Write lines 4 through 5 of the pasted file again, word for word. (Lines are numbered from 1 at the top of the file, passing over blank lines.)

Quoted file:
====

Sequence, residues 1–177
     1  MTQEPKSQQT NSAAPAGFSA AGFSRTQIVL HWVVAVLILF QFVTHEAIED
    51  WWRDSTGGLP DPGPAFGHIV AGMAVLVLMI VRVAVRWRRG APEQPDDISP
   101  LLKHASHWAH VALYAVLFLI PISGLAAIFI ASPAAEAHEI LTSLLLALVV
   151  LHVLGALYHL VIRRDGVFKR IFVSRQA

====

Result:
   101  LLKHASHWAH VALYAVLFLI PISGLAAIFI ASPAAEAHEI LTSLLLALVV
   151  LHVLGALYHL VIRRDGVFKR IFVSRQA